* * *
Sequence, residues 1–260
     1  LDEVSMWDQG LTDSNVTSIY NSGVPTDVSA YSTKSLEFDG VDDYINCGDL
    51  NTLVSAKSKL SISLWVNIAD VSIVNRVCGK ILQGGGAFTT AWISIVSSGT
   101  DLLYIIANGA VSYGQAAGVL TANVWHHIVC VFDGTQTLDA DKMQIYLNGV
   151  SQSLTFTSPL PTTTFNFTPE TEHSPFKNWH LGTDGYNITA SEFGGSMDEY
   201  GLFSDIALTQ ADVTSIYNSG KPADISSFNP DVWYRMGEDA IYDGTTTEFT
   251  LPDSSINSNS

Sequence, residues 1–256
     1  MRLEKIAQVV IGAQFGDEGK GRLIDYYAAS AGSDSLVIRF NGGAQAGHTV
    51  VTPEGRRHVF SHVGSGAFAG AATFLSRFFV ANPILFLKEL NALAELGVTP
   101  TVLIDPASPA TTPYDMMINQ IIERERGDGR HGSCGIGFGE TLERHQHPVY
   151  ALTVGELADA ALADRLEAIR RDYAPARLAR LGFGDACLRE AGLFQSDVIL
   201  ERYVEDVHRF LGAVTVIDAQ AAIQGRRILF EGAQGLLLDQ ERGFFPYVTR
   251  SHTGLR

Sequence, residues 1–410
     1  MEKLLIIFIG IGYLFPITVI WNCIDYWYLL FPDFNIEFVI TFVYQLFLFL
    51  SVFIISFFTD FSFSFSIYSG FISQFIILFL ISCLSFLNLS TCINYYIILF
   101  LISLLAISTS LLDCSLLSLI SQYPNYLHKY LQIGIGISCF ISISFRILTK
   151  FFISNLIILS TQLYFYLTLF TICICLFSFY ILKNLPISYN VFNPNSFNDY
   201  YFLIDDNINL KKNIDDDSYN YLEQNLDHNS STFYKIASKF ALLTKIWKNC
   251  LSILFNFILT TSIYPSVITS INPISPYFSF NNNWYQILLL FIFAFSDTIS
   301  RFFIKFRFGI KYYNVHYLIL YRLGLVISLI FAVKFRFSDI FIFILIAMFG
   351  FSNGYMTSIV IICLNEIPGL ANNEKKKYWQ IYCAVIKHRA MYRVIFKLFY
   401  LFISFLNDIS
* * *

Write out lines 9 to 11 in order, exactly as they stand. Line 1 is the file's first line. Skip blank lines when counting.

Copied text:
     1  MRLEKIAQVV IGAQFGDEGK GRLIDYYAAS AGSDSLVIRF NGGAQAGHTV
    51  VTPEGRRHVF SHVGSGAFAG AATFLSRFFV ANPILFLKEL NALAELGVTP
   101  TVLIDPASPA TTPYDMMINQ IIERERGDGR HGSCGIGFGE TLERHQHPVY